June 3, 2019
Helping your business stay abreast and make sense of the critical stories in digital risk, cyber security and privacy. Email news@elevenM.com.au to subscribe.
Data, data everywhere. In our latest roundup, we unfortunately read once more that a number of databases with sensitive information have been left exposed on the web. All the more reason for users to protect their accounts with two-factor authentication (2FA) – and new data from Google shows how effective even the weakest 2FA is. And finally, the blows keep coming for Equifax. Ratings agency Moody has downgraded the US consumer reporting agency based on its poor cyber form.
Summary: Data belonging to Australian users of dating apps is among 42.5 million records found by security researchers on a database left unprotected online.
Key risk takeaway: This story reflects multiple concerning trends for online users – the prevalence of poor database security and the aggregation of sensitive information by potentially disreputable apps and services. We’ve written before about organisations failing to apply configuration settings to protect their cloud-based data stores – this is the case with the exposed “Elastic” database in this story that contained dating users’ information, as well as in separate revelations about an exposed Amazon database containing contact information for Instagram ‘influencers’. Doubly concerning in the story about dating users’ data was the discovery that data in the database had been aggregated from a number of different dating apps, each which presented as a separate company. Companies should educate employees to consider the reputation of online services to which they hand over sensitive information, and to recognise the potential harm that can result from services that apply loose protections to their data.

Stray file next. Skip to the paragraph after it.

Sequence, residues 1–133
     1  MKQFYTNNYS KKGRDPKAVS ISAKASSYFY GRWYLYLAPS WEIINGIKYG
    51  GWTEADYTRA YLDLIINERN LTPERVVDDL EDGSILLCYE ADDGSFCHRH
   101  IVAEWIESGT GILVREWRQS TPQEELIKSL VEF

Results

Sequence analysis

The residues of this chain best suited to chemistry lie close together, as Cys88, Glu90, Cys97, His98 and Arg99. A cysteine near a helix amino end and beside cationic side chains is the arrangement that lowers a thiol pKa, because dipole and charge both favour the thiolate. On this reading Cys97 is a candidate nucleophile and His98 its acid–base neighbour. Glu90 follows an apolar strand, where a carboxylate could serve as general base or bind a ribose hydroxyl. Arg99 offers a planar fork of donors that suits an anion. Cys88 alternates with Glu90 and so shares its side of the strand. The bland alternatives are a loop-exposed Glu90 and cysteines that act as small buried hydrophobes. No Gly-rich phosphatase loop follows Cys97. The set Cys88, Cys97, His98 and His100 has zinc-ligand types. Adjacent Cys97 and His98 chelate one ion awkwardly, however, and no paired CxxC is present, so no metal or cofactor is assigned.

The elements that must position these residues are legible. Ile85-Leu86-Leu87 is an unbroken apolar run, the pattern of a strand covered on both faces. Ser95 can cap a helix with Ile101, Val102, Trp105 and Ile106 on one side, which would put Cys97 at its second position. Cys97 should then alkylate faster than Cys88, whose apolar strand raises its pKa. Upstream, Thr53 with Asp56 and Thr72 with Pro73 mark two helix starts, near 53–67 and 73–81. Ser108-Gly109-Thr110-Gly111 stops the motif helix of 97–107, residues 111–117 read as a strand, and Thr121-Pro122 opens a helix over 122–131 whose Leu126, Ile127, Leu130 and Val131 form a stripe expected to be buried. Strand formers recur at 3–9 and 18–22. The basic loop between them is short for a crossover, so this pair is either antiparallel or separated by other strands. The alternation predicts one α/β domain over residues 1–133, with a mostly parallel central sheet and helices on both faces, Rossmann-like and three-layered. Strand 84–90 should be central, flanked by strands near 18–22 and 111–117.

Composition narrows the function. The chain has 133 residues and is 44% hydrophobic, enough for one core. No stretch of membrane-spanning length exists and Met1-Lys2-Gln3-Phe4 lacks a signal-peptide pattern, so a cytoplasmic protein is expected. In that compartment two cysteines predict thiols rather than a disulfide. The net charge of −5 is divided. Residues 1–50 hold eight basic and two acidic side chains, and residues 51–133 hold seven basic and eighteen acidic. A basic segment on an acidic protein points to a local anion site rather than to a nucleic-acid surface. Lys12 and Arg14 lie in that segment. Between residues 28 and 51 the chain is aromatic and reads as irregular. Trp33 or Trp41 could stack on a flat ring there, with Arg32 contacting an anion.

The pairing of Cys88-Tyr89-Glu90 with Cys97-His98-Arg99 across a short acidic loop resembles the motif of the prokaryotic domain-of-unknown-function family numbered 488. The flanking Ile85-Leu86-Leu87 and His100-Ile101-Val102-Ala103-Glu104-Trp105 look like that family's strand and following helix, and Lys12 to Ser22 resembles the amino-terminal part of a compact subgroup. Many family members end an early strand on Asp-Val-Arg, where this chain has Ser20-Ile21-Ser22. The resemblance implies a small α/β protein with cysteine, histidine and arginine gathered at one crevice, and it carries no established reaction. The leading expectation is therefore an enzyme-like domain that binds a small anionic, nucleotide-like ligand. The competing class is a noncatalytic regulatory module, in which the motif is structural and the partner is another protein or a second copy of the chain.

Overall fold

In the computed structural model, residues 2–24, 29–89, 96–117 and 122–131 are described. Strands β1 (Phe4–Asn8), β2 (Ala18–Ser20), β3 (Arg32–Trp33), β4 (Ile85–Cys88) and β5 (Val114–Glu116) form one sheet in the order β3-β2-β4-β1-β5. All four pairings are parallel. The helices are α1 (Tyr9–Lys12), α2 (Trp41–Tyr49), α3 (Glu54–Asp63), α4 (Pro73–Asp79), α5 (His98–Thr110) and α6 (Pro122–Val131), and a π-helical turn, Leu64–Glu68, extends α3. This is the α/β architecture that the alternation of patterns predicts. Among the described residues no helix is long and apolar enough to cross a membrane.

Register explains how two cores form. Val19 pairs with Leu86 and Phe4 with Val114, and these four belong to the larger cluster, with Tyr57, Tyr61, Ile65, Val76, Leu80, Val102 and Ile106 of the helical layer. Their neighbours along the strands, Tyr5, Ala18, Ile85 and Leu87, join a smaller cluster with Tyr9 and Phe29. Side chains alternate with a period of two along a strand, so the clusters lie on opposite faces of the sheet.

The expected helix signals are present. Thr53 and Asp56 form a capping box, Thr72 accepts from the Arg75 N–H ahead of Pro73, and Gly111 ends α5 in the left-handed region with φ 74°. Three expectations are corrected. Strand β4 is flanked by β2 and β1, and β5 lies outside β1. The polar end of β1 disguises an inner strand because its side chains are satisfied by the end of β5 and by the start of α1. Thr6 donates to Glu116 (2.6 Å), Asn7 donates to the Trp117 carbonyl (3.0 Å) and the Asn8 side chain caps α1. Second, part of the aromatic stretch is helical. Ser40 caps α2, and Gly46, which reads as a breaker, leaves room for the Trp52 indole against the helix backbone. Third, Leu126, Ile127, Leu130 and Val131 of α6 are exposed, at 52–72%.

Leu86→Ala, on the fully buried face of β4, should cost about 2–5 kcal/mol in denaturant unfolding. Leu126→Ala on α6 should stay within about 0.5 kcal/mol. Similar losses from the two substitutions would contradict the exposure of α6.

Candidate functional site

Tags: #privacy #cloudsecurity #dataprotection #awareness
Summary: New privacy laws are driving an increase in data breach notifications globally, increasing public awareness of organisations’ obligations to protect data.
Key risk takeaway: Now more than a year since data breach reporting schemes have taken effect in Australia and Europe, regulators expect not only that organisations are aware of their breach reporting obligations, but that they will have processes in place to prevent breaches and effectively respond should they occur. This was a key takeout from the Office of the Australian Information Commissioner’s 12-month Insights Report, which looked at the first full year of the Australian data breach reporting scheme. The OAIC’s report also revealed a 712 per cent increase in data breach notifications, which echoes the situation in the UK where there has been a quadrupling of data breach notifications since General Data Protection Regulation (GDPR) went into effect. Developing data breach response plans, and running simulation exercises based on those plans, is critical.
Tags: #privacy #databreachresponse
Summary: Australia has a new federal Communications Minister who will also assume ministerial responsibility for cyber safety. The NSW Government has also announced a new leader for its new whole-of-government cyber office, ‘Cyber Security NSW’.